Why Hot Yoga Doesn’t Do It for Me. ~ Insiya Rasiwala-Finn

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This is the year I turn 40.

It’s a big one for me.

And I’ve been casting a lens at various aspects of my life to see where I am stuck and where I can challenge myself by switching things up, especially if I feel I am in a rut.

So, in an “expand my yoga horizons” experiment, I tested out how I would feel going to a hot yoga studio over this past month.

I did this for a few different reasons: 

I wanted to understand this practice that I get my “yoga snob” on about.

I wanted to see if it was really what die-hard devotees make it out to be—as in, “It changed my life!”

I wanted to understand how the heat informs my physical asana practice.

I wanted to see what was out there on different ends of the yoga spectrum in this California coastal town where I have been living for the last few years.

Mostly, however, after returning from a few months of practicing lots of yoga and living in Bali, I was looking for the discipline of attending regular classes versus just doing my practice at home.

I also thought that the heat might be a gentle reminder of the tropical warmth of Bali, and figured classes would be small—after all, isn’t summer the last time one would think of going to hot yoga?

I was wrong on both counts.

Apparently, summer is as popular a time at this particular hot power yoga studio as any other. And the heat was a lot more intense than Bali. There was no early morning or cool evening breeze wafting in from the studio’s windows to cool you off. In fact, there were no windows at all. The temperature in the studio was always at 104 degrees and teachers were told not to leave the doors open, even during Savasana, as the studio wanted a consistent heat. (I asked.)

The classes at this studio were all over the place, ranging from something resembling yoga but really more fitness-oriented—where we did mountain climbers and multiple side planks in the midst of flow practices—to teachers who taught what I would consider a more Vinyasa-style class with alignment and breath cues. 

The students also ranged in shape and size, but they all seemed determined, strong, and focused. In Ayurvedic terms, it was all really pitta in nature, and, interestingly, the hot yoga practice exacerbates this pitta nature (like increases like). 

This past Friday, I walked into a class that happened to be mostly Ashtanga Vinyasa. I have always loved the Ashtanga primary series and the teacher was focused and clear about her Ashtanga roots. Despite the heat, I could feel myself relax. After all, I thought to myself, this would be a “real” yoga class, not just a fitness experiment masquerading as yoga.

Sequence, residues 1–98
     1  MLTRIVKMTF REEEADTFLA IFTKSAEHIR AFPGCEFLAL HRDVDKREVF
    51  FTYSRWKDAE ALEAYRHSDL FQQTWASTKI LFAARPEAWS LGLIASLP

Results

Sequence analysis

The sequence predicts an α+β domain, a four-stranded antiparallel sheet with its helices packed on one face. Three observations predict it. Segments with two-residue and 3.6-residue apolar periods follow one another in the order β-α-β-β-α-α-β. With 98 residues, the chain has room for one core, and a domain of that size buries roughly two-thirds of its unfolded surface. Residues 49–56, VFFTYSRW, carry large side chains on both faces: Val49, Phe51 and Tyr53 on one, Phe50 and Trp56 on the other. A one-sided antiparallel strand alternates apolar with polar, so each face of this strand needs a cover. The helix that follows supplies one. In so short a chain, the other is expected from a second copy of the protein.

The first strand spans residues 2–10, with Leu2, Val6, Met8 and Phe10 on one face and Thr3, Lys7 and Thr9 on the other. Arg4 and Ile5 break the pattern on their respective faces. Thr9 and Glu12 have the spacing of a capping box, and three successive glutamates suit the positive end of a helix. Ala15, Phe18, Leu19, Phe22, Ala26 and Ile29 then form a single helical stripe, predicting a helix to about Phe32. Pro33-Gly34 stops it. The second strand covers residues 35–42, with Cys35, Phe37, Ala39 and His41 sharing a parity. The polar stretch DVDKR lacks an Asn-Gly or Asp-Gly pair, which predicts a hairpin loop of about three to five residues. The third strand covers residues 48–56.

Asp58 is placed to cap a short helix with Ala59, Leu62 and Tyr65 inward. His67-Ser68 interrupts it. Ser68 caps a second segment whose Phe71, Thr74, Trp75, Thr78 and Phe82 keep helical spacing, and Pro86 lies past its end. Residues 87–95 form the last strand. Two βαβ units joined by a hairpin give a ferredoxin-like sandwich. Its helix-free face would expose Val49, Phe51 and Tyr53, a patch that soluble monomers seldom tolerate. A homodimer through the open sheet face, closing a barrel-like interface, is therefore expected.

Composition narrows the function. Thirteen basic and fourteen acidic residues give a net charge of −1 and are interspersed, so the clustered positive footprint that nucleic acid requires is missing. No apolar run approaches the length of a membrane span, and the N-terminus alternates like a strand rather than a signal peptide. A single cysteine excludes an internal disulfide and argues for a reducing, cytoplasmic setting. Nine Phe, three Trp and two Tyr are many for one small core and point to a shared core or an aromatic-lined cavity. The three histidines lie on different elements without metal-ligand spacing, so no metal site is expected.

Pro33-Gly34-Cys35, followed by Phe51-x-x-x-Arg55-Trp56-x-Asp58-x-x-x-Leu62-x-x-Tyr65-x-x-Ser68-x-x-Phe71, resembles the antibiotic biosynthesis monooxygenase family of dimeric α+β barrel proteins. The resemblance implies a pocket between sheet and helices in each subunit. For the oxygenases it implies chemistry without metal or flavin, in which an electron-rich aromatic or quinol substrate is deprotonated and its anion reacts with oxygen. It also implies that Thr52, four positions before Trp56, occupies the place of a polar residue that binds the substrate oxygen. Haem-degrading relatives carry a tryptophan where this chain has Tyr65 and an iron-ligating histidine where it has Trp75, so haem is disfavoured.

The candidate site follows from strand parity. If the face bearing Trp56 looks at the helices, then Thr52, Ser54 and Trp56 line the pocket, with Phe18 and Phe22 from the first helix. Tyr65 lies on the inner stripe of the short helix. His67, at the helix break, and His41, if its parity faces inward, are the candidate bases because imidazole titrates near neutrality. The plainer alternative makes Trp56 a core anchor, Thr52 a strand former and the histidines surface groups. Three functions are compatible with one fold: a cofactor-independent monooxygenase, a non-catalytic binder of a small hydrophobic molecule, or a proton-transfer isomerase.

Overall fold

But, while breathing in with the cued ujjayi breath halfway through the class, whenever the teacher said, “breathe deeper,” I began to feel the consistent intensity of the heat. At the same time, I began to watch my mind as I, on the one hand, questioned the validity of this practice in this setting. In fact, I couldn’t help but wonder why a teacher who seemed to have such a pure Ashtanga practice would consider teaching it in such a hot studio. But, on the other hand, I could also observe the mind-over-body part of my brain kicking in with dialogue that urged me to overcome the discomfort—cues you hear so often in the heated power yoga setting. Breathe, I kept telling myself. You can do it.

And it’s a dialogue that, in our fitness obsessed, overcoming pain obsessed culture, we celebrate.

It was a wild experience. I could watch both parts of me trying to battle it out on the yoga mat in that hot yoga studio, following as exactly as I could each cue the teacher offered.

Clearly, I was not crazy to feel what I was feeling.

Let’s get even more specific.

Ashtanga Vinyasa, like most Vinyasa yogais an intense, heating/warming practice in a normal temperature room. And, as our traditional yoga teachers taught us, in a Vinyasa practice, you can use the breath, especially the ujjayi—or victorious breath technique—to warm the body up inside out.

When you couple that with external heat, it creates an even more intense situation.

Intensity in Ayurvedic terms is a characteristic of the fire element in us, or the pitta dosha. Too much pitta can create hormonal imbalances, irritability, and excess heat in the body.